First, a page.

• Sharing smart meter data with third party energy service providers is an onerous process in Texas, which has 7 million smart meters but less than 1,800 data-sharing agreements, according to a new report. (Greentech Media)
• A company installs a 150-square-foot solar sidewalk in a plaza in Idaho.

Judge allows ExxonMobil to examine Massachusetts AG records in climate investigation

CLIMATE: A federal judge issues a discovery order allowing ExxonMobil to conduct an intrusive examination of the Massachusetts attorney general’s investigation into whether Exxon concealed information about climate change. (Washington Post)

• A Houston-based company is one step closer to getting federal approval to build a liquefied natural gas export terminal in South Texas, but the project has raised pollution and safety concerns. (San Antonio Business Journal)
• The Bureau of Land Management will hold its first online auction of federally owned oil and gas leases in Colorado this December, a move that’s expected to save money and deter protests by environmental groups. (Denver Business Journal)
• Oil production in North Dakota drops below 1 million barrels per day for the first time since April 2014. (Associated Press)

***SPONSORED LINK: End your year on a strong note at Solar Power PV Conference & Expo-Chicago.

Two tribes take different approach to oil and gas development

OIL AND GAS: While the Standing Rock Sioux have been strong opponents of the Dakota Access pipeline project crossing their land, a Colorado tribe has promoted oil and gas drilling to expand financial opportunities for members. (Bloomberg)

WIND: The developer behind a proposed 82.8-megawatt wind project in Vermont offers to pay local voters $14.1 million over 25 years in exchange for their support. (New York Times)

***SPONSORED LINK: End your year on a strong note at Solar Power PV Conference & Expo-Chicago. Join hundreds of solar professionals and 40+ exhibitors for two days of cutting-edge education and networking. Register today!

Report: Texas to add 4 GW of commercial solar by 2020

SOLAR: A new report predicts that Texas developers will build about 4 gigawatts of commercial-scale solar panel capacity by the end of the decade, threatening coal- and natural gas-fired power producers during peak daylight hours. (Bloomberg)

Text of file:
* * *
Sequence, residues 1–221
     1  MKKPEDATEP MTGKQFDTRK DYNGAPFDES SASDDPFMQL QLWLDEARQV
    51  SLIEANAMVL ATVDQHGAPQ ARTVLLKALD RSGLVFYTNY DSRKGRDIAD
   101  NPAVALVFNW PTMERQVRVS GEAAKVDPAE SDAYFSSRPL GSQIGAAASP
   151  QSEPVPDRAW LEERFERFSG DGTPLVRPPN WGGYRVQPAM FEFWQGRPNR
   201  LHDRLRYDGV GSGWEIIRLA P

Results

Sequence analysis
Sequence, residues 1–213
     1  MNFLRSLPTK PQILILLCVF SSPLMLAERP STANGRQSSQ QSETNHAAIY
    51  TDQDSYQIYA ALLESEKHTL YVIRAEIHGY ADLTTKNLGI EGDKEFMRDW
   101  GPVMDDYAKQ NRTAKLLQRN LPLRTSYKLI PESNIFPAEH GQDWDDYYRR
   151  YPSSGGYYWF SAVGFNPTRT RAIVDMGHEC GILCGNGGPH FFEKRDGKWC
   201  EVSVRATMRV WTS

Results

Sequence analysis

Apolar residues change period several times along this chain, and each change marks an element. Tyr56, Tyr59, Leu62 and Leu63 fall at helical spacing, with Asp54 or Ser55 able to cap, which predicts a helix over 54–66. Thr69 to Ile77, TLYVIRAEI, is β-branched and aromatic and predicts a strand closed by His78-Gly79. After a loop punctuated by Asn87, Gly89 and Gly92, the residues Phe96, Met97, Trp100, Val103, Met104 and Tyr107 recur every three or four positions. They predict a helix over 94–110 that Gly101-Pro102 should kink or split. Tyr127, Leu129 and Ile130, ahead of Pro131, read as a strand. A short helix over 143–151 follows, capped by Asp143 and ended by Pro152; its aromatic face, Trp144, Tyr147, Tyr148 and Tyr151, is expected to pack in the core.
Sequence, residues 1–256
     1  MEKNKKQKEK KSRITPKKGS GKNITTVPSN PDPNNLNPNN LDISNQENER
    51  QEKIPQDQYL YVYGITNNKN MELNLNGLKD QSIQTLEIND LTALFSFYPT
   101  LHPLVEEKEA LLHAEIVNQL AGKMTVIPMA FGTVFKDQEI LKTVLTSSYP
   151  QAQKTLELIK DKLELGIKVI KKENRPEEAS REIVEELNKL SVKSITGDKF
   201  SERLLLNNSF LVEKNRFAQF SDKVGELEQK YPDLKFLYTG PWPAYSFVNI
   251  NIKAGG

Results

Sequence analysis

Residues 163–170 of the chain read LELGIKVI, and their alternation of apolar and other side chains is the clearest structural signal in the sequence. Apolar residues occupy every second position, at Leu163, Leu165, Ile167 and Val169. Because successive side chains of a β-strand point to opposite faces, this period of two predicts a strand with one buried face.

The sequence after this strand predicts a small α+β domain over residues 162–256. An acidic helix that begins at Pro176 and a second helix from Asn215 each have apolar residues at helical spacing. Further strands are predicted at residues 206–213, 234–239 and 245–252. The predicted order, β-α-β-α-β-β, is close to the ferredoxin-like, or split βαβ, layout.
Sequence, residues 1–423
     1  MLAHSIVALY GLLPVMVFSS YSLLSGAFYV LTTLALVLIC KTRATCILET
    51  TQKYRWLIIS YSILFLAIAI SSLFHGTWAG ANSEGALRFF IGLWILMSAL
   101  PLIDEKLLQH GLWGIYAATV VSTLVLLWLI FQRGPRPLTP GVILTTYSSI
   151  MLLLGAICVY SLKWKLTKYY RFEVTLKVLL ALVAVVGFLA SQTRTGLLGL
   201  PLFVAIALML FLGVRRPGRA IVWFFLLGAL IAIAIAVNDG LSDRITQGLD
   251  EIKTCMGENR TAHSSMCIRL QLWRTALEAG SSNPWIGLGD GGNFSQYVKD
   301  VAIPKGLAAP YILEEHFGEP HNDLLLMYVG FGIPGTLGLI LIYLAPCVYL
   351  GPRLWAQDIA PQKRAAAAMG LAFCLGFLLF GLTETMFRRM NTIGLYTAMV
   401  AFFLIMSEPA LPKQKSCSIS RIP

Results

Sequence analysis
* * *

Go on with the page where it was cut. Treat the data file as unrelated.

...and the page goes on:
• Leases and power purchase agreements offer solar consumers significantly lower savings than loans, which allow consumers to access up to 80 percent of their system’s financial benefits. (Greentech Media)
• Over 70 percent of U.S. ground-mount projects are being installed with solar trackers, and global tracker installations are expected to reach 37.7 gigawatts by 2021, according to a new report. (Greentech Media)
• A solar developer wants to build Maine’s largest solar farm at a former Air Force base, but regulatory hurdles still lie ahead for the company. (Associated Press)
• An Arizona judge recommends changes in the state’s value of solar docket that would forecast costs every five years, rather than every 20 to 30 years, while solar advocates say it could hurt rooftop solar users.

Elon Musk, Bob Murray spar over climate denial

CLIMATE: Tesla and SolarCity co-founder Elon Musk criticizes the CEO of Murray Energy for his denial of climate science after the coal baron called his automotive company “a fraud.” (Huffington Post)

• Solar permits issued on the Hawaiian island of Oahu are down 40 percent compared to last year, according to a new report. (Pacific Business News)
• The Republican chairman of the Georgia Public Service Commission fought to make solar part of the state’s energy mix and says it’s not a partisan issue. (Yale Climate Connections)
• A Georgia solar industry group says Georgia Power has failed to meet a requirement to have 100 MW of solar power under contract by the end of the year, but the utility has denied the allegations. (Utility Dive)
• The Missouri Public Service Commission approves a major utility’s proposal to build a 500-kilowatt community solar array, giving residential and small-business customers the option of buying up to half of their energy from the project.